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Top Tax Benefits of Owning an RV

Carefree Covered RV Storage
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Whether you’re putting the finishing touches on your 2023 taxes, or you’ve submitted an extension and you’re just starting to pull together what you need to file, understanding the impact of RV ownership on your taxes is important! It’s never too late to get started, especially if you think you might want to tread the time-consuming path of claiming itemized tax deductions. 


And, if you’re reading this article, it’s probably safe to say that you’re interested in the RV life. You might have even landed here because you bought an RV in 2023 and wonder what kind of tax benefits are available for your purchase. If you are one of the many new RV owners out there, then this article is for you.

A sign that says Tax Time sitting next to a plant

Let us start by saying that it’s hard to imagine two more opposite topics to discuss than the thrilling call of the open road and the hair-pulling task of calculating potential tax deductions on the vehicle making those bucket-list adventures happen. 


The only silver lining is determining how to save as much money as you can on RV tax deductions and hopefully get a bigger return. Thankfully, there are several types of deductions that your RV may qualify for, and we’ll take a look at those in this article.


However, keep this in mind as you read: 


As we walk you through potential tax savings, remember that if your standard 2023 deduction is more than your itemized deductions, you’ll do best to stick with the standard deduction. 


In fact, according to the Tax Policy Center, only about 31 percent of taxpayers choose to itemize. And, in 2017 the Tax Cuts and Jobs Act was signed into law, nearly doubling the standard deduction for individuals and married couples to $12,400 and $24,800. For the 2023 tax year, the annual inflation adjustments bring the standard deduction even higher. The IRS explains, “The standard deduction for married couples filing jointly for tax year 2023 rises to $27,700 up $1,800 from the prior year. For single taxpayers and married individuals filing separately, the standard deduction rises to $13,850 for 2023, up $900, and for heads of households, the standard deduction will be $20,800 for tax year 2023, up $1,400 from the amount for tax year 2022.”



What classifies as an itemized deduction? State and local taxes, mortgage interest, charitable contributions, student loan interest, and medical and dental expenses are just a few examples


Still, whether or not you find enough deductions to make it worth your while to itemize, it’s helpful to understand how your recreational vehicle can benefit you come tax time. 

We’ll consider four types of potential tax deductions for your RV: 

  1. Mortgage Interest Deduction

  2. Sales Tax Deduction

  3. Local and State Property Tax Deduction

  4. Business Tax Deduction

Mortgage Interest Deduction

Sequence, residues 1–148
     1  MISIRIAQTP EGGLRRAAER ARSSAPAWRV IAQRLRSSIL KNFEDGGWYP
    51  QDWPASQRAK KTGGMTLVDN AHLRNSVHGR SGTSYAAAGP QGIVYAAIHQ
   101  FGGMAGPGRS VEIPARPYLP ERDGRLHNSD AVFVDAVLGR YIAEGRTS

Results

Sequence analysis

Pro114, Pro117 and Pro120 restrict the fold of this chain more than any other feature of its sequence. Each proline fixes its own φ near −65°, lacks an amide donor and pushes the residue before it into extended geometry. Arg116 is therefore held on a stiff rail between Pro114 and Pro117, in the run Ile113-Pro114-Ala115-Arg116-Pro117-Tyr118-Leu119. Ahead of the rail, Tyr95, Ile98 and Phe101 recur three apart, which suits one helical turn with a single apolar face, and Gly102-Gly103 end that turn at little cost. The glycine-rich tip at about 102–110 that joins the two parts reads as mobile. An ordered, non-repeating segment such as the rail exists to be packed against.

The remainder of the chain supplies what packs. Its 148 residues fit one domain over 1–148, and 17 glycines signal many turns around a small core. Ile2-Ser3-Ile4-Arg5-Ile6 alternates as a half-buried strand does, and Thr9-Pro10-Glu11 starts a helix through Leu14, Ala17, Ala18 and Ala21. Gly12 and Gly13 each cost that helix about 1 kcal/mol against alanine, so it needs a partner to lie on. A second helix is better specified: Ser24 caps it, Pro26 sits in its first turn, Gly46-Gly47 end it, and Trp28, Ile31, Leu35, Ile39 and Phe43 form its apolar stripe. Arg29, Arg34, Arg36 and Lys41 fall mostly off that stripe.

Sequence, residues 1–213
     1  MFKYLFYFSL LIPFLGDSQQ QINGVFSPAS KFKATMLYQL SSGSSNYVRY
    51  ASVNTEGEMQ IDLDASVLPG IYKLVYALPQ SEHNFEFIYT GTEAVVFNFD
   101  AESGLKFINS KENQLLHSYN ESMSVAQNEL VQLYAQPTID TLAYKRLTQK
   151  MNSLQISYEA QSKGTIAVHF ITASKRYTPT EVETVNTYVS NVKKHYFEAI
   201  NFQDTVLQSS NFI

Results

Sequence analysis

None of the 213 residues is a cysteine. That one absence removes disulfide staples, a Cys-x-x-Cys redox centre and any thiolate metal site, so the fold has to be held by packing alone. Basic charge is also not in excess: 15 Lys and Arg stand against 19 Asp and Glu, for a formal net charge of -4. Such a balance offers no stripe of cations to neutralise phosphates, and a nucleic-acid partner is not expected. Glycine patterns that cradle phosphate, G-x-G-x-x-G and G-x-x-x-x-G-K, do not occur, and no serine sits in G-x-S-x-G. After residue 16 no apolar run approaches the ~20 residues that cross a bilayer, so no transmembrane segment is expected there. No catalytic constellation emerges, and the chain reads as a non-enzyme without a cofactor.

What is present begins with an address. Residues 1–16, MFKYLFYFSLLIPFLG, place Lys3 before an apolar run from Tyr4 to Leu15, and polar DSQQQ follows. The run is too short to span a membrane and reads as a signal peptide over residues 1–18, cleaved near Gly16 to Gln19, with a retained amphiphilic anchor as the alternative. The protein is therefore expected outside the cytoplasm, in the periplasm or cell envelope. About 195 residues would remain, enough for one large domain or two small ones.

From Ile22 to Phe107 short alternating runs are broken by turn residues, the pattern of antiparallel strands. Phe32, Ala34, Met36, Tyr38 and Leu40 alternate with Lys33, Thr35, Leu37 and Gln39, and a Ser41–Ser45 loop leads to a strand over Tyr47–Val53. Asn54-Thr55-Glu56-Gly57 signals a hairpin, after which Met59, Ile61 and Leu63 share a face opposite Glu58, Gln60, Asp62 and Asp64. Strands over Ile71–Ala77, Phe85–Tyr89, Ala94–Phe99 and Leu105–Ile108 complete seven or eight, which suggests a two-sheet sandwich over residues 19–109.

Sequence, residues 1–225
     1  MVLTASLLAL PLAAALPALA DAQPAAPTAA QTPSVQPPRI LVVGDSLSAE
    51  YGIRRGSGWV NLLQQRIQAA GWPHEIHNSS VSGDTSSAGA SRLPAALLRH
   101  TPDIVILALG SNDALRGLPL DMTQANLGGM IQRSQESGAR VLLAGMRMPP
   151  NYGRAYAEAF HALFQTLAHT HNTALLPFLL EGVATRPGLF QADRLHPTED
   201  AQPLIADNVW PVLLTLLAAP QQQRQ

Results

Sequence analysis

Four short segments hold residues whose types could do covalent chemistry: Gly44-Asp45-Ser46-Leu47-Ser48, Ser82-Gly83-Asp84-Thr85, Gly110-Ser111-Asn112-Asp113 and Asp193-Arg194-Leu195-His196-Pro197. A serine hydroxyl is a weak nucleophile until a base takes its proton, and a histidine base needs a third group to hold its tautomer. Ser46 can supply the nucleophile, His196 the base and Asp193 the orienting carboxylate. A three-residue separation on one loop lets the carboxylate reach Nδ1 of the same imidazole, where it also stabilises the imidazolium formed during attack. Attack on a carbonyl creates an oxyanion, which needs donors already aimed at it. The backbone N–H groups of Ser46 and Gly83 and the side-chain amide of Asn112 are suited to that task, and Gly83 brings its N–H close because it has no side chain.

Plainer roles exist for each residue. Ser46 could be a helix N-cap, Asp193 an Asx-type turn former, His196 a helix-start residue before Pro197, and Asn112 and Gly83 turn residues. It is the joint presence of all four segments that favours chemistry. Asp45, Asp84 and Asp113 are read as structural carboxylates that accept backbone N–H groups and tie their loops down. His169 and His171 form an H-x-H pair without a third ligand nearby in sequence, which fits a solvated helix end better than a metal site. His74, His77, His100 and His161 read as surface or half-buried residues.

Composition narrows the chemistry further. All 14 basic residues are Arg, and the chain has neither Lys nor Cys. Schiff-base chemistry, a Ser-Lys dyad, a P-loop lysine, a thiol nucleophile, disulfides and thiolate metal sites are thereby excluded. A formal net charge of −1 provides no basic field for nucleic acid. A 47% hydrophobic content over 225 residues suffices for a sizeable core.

A kitchen with a sink and appliancesYou’re probably familiar with claiming a tax deduction for your home’s mortgage interest ($750,000 cap on principal). You may also know that you can deduct the interest you pay on an RV, either as a primary home if you live in your RV full-time or as a second home if you’re an RV part-timer.


The IRS’s Publication 936 states: “A home includes a house, condominium, cooperative, mobile home, house trailer, boat, or similar property that has sleeping, cooking, and toilet facilities.”


This means that your RV could qualify as a first or second home, allowing you to claim the interest on your loan, as long as it has a bed, a kitchen, and a bathroom. 


Please note that you can only claim deductions on a secured loan, where the RV serves as collateral. You cannot enjoy these tax benefits if you purchase your RV with cash, credit, or personal loan.


A few additional details:

  • If you live in your RV full-time and decide to return to a more traditional home, your RV can qualify as a secondary residence, and the same deductions would apply. 
  • You can claim an interest deduction on a second home even if you don’t use it during the year. This means that you could leave your RV in storage for the entire year (but why would you want to?) and still apply the interest deduction on your taxes.
  • If you have a fifth wheel or travel trailer, your tow vehicle’s interest will not be deductible as home mortgage interest. Neither will any towed vehicle for a Class A or Class C motorhome. However, the interest on the RV itself remains deductible.

For more information on the home mortgage interest deduction, see the IRS’s Publication 936: Home Mortgage Interest Deduction.

You May Not Get a 1098 Form

If you claim a mortgage interest deduction on your RV, keep in mind that you probably won’t get a Form 1098 (Mortgage Interest Statement) from your lender. 

  • If you do receive a 1098, then you’ll report this on Schedule A, line 8a. 
  • If you don’t receive a 1098, then you’ll report this on Schedule A, line 8b. 
    • You’ll need to provide your lender’s information, including their taxpayer identification number. 
    • If this isn’t provided on your lender’s statements, then you’ll need to request that they send you a completed Form W-9. 
    • You could be subject to a $50 penalty for each failure to report correct information without this information.

Sales Tax Deduction